Stocks rose Wednesday on the back of positive coronavirus vaccine news and a blowout quarter from Goldman Sachs.
The Dow Jones Industrial Average closed 227.51 points higher, or 0.9%, at 26,870.10. It was the Dow's fourth straight daily gain. The S&P 500 was up 0.9% at 3,226.56. The Nasdaq Composite gained 0.5% to end the day at 10,550.49. The Russell 2000 — which is made up of small-cap stocks — rallied 3.5% for its biggest one-day gain since early June.
Data published by the New England Journal of Medicine showed Moderna's coronavirus vaccine produced a "robust" immune response, or neutralizing antibodies, in all 45 patients in its early stage human trial. The news sent Moderna shares up 6.9%
Stocks directly tied to an economic reopening jumped following the vaccine news. American Airlines, United Airlines, and Royal Caribbean Cruise Lines all popped more than 14%. Gap jumped 12.7% and Kohl's gained more than 9%.
"A COVID-19 cure/vaccine is a binary event for markets, and there are many 'shots on goal' on the healthcare side and only one needs to be successful," said Tom Lee, founder and head of research at Fundstrat Global Advisors, in a note. "There are piles of cash seen in hedge funds, macro funds, mutual funds and individual investors. If the cadence of healthcare data continues to support some sort of cure, the focus on 're-closings' ultimately fades."
Several states, including California, have had to roll back reopening measures as coronavirus cases continue to rise. Confirmed cases in the U.S. total more than 3.4 million and deaths have surpassed 136,000, according to Johns Hopkins University.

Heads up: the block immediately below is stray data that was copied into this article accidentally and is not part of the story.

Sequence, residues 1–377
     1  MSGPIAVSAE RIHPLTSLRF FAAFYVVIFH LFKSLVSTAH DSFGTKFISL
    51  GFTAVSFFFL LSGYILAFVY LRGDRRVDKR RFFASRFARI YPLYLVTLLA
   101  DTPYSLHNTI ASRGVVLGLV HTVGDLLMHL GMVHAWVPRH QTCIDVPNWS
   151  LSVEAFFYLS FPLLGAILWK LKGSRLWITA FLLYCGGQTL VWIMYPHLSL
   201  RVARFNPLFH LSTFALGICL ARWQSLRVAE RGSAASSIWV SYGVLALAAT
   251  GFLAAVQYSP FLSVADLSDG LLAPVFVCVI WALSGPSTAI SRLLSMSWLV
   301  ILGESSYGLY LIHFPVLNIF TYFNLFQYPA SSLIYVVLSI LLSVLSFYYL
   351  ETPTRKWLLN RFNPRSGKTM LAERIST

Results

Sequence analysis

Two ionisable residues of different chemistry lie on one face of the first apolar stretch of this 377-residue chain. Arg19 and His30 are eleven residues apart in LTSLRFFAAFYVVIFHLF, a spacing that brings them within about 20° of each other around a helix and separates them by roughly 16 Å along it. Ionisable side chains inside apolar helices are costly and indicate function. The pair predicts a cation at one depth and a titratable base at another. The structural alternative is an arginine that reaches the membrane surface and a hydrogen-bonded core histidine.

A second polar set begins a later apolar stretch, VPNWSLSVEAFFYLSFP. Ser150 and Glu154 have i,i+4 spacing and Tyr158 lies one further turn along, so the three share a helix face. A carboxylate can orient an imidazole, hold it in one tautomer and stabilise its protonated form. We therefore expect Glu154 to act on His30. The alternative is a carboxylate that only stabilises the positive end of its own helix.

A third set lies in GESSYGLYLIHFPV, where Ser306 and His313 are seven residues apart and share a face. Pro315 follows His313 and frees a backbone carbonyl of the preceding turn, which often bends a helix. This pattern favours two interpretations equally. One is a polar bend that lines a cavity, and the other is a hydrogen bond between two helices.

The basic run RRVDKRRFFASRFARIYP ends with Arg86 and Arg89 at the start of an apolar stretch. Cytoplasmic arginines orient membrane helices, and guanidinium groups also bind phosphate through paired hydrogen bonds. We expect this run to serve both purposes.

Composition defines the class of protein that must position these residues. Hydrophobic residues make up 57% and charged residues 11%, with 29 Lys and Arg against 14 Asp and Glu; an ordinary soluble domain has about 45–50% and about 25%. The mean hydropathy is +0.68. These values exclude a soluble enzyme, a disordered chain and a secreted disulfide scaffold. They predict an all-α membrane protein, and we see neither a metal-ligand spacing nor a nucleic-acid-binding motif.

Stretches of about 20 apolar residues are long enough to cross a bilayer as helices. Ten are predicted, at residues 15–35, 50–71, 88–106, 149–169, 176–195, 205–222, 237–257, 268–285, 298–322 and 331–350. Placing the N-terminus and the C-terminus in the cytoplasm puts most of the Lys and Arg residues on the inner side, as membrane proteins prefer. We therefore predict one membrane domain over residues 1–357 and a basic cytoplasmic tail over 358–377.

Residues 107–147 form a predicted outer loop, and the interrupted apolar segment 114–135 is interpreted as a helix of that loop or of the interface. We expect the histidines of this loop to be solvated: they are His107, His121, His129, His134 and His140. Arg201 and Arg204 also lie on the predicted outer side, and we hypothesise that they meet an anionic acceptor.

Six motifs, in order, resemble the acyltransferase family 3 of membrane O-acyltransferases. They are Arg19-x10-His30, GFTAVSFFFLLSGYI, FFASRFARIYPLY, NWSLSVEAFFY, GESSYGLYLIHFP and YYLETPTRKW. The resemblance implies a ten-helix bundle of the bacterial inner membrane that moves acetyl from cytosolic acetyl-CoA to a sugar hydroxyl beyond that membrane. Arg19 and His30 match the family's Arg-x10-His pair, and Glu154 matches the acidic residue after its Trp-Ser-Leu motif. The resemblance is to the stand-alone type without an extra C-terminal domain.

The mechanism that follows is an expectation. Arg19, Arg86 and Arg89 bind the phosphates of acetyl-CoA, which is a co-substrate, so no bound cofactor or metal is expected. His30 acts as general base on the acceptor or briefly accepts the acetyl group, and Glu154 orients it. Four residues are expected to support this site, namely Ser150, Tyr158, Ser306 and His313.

Earnings season continued and Goldman Sachs reported quarterly numbers that easily beat analyst expectations. The company's results were driven by a 93% surge in trading revenue. Goldman shares gained 1.4%.
Bank earnings had been mixed leading up to Wednesday. JPMorgan Chase reported on Tuesday better-than-expected quarterly results on the back of a massive surge in trading revenue. Meanwhile, Wells Fargo suffered a $2.4 billion loss and slashed its dividend to 10 cents per share.
"Clearly, in the second quarter, you're seeing very robust results in investment banking, very strong trading results on one hand," Jason Goldberg, senior analyst at Barclays, told CNBC's "Power Lunch." "On the other hand, these results are being pressured by significant reductions in net interest margins as well as pretty sizable increases in bank loan-loss reserves."
Apple contributed to the gains Wednesday, rising 0.7% after a European Union court annulled a 2016 European Commission order for the tech giant to pay $15 billion in taxes.
The major averages closed well off their session highs, however, as shares of other major tech companies declined. Amazon slid 2.4%. Netflix fell 0.3%. Alphabet and Microsoft also closed lower.
—CNBC's Jesse Pound contributed reporting.
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